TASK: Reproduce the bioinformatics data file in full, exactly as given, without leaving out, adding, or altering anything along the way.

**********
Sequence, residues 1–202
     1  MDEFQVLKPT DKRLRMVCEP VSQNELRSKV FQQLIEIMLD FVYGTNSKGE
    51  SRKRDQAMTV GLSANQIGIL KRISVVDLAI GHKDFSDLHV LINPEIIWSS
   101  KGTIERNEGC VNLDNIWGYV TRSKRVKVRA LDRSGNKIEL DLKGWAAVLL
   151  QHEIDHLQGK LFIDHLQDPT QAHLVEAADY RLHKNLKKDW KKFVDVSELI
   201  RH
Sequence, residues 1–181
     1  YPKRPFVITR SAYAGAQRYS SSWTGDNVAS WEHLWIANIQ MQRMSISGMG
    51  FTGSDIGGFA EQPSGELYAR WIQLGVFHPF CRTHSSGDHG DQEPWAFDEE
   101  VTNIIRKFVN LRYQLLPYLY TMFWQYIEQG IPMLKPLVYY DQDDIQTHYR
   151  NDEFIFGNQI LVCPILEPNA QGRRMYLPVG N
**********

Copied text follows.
Sequence, residues 1–202
     1  MDEFQVLKPT DKRLRMVCEP VSQNELRSKV FQQLIEIMLD FVYGTNSKGE
    51  SRKRDQAMTV GLSANQIGIL KRISVVDLAI GHKDFSDLHV LINPEIIWSS
   101  KGTIERNEGC VNLDNIWGYV TRSKRVKVRA LDRSGNKIEL DLKGWAAVLL
   151  QHEIDHLQGK LFIDHLQDPT QAHLVEAADY RLHKNLKKDW KKFVDVSELI
   201  RH
Sequence, residues 1–181
     1  YPKRPFVITR SAYAGAQRYS SSWTGDNVAS WEHLWIANIQ MQRMSISGMG
    51  FTGSDIGGFA EQPSGELYAR WIQLGVFHPF CRTHSSGDHG DQEPWAFDEE
   101  VTNIIRKFVN LRYQLLPYLY TMFWQYIEQG IPMLKPLVYY DQDDIQTHYR
   151  NDEFIFGNQI LVCPILEPNA QGRRMYLPVG N